by Tom Gaylord
Writing as B.B. Pelletier
This report covers:
- Blue Book of Airguns
- Some recent acquisitions
- Findlay airgun show
- Texas airgun show
- Pyramyd Air Cup
- Student Air Rifle (SAR) program
Today I thought I would clean up some things and tell you about some exciting things that have been happening.
Blue Book of Airguns
First I’ll tell you about the new Blue Book of Airguns. It’s the 12th edition and contains 736 pages. No, it doesn’t have all the airguns in the world, and it never will. No publication will ever be able to do that. But this is the most comprehensive book about airguns that exists, and if you want to play in the airgun world, you really need one.
Many of you ask me how I know so much about airguns. The Blue Book is one of the reasons. Without it I would not be the Godfather of Airguns. Perhaps the favorite cousin, but definitely not the Godfather.
Some recent acquisitions
I have some standing searches on the Gun Broker auction website, and a couple weeks ago they came in big! Someone had bought a large airgun collection that included some Air Arms spring rifles (from before the TX 200), an FWB 124, a BSF S70 and several other classics. Most of these were still in the box and the auction listings claimed they were unfired. Since they were airguns I have no idea how anyone could prove such a claim, but they looked like new.
Well, as airguns do on Gun Broker, people were bidding ridiculously low prices for each of them, so I put as much as I was willing to spend on each one and was in line to purchase 6 new/old airguns!
But I was outbid on every one of them. And, when I saw the final prices, I’m glad, because I would never have paid so much for any of them. The FWB 124 went for close to $600, as I recall. Well, I had a bid on a BSF S70 that was “unfired in the box,” and I was also outbid on that one. That one bothered me, because I have wanted to test an S70 that was as close to factory condition as possible. I did write a 3-part report on the BSF S70, way back in 2011. But that rifle was a special one that I felt someone had fired with the barrel open, because the barrel was bent upward so much that I could not get it to hit the aim point at 10 meters. So I used that same rifle in a second 5-part report on Bending airgun barrels, in 2012.
Now that rifle is a fine one, but it shoots a little too fast — .177 Hobbys averaging 866 f.p.s., which is right on the edge of credibility for a 1970s spring rifle. According to Robert Law in his Air Rifle Headquarters catalog, so S70s did shoot that fast, but it has been my experience never to have seen one before this one. Was this one ever tuned? I don’t know, so I wanted to try another one that was like new to compare. But like I said, that first one on Gun Broker got away from me.
But, in a stroke of good fortune, another BSF S70 in excellent condition came up for sale just days after I lost the first one. That one I won, for less than I was willing to pay for the first one! Now, I do have a second rifle to test. And this one has the original rear sight, instead of the peep sight that’s on my other rifle. The point is — there are still good airguns out there, if you will just look for them.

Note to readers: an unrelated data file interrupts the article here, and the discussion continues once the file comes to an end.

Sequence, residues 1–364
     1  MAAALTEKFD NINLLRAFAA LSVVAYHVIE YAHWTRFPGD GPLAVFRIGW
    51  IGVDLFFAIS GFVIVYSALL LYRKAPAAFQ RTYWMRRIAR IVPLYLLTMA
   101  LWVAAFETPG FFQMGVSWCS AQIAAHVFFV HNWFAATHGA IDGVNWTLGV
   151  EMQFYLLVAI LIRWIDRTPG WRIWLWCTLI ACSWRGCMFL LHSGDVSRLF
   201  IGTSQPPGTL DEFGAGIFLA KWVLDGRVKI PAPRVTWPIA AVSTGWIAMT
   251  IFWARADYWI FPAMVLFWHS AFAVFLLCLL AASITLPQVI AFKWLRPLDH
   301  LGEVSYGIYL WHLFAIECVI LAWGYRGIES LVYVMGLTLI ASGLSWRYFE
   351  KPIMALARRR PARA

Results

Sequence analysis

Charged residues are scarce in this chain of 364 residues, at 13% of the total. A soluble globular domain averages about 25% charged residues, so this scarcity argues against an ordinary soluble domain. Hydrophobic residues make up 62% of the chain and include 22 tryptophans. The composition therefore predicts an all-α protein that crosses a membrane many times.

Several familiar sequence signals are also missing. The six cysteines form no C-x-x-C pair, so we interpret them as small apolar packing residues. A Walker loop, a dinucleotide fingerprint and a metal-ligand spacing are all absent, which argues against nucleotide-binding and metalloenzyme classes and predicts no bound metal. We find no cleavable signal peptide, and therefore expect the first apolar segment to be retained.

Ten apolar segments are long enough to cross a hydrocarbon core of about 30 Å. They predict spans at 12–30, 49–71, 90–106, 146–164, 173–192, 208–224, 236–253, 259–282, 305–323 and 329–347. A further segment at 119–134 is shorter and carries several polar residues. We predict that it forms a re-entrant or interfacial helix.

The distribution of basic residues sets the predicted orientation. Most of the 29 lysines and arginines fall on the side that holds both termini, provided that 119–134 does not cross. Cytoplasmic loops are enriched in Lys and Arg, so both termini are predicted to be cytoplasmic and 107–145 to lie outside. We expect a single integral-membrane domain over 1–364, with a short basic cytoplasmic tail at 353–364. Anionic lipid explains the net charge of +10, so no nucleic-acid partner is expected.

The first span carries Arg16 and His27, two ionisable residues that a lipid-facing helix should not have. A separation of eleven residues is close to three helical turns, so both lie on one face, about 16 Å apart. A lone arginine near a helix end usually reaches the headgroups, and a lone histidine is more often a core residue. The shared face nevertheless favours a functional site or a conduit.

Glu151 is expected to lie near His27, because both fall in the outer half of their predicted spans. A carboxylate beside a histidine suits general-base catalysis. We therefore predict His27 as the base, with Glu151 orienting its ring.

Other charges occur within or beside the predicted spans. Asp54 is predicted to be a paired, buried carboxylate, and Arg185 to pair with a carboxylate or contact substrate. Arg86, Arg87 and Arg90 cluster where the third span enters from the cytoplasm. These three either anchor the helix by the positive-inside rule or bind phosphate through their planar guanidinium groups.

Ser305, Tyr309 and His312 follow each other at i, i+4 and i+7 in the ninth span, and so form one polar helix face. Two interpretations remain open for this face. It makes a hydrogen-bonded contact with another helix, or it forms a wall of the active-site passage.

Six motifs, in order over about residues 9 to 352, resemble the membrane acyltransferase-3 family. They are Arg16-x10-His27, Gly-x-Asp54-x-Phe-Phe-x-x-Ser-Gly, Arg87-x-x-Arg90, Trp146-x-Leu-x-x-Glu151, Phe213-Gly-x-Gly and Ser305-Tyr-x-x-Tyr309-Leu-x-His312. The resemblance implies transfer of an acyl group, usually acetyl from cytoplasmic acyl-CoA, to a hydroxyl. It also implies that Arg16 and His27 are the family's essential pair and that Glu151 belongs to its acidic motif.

I’m writing this report on Friday of last week. I tell you that because there is a second airgun I hope to snag on Saturday. It’s a Webley Premier. Not the Premier Mark II model that has the cast aluminum frame we also see in the current Tempest pistol. This Premier is the last of the all-steel Webley pistols. Think of it as a very recent Webley Senior. If you don’t know the difference, look it up in your Blue Book.
As I write this, I am watching the website. No one has bid on the pistol yet, because the starting bid is $250, plus $20 shipping. Even though this pistol is like new in the box, that’s all the money it’s worth. However, if I bid too soon some other guy who is casually watching it will get his hackles up and outbid me. You know how that goes? But if I wait until just before the end of the auction to bid, he will either miss my bid or he will be thrown into a fog of indecision long enough for me to win the airgun. Either way, I will have another tale to tell you in a future report.
My point is — there are still good deals to be found in airguns. And, yes, I know that $270 is too much for many of you to spend. But I spent just $75 on the .22 caliber El Gamo 68-XP breakbarrel I’m now reporting on. And the El Gamo 300 that I reported several years ago was only $100. I turned down a Sheridan Silver Streak for $65 a month ago, because the guy also wanted to sell me a box of old cheap Daisys. He wanted to get rid of them all at the same time, but when I told him I couldn’t get even $5 for most of his old Daisys (they were plastic-stocked guns from the 1980s) at an airgun show, he was flabbergasted. He thought each one would be worth $20 or so. I have stood behind the table at dozens of airgun shows and watched people pass on airguns at prices many people think are ridiculously low. I know what sells and what doesn’t
Findlay airgun show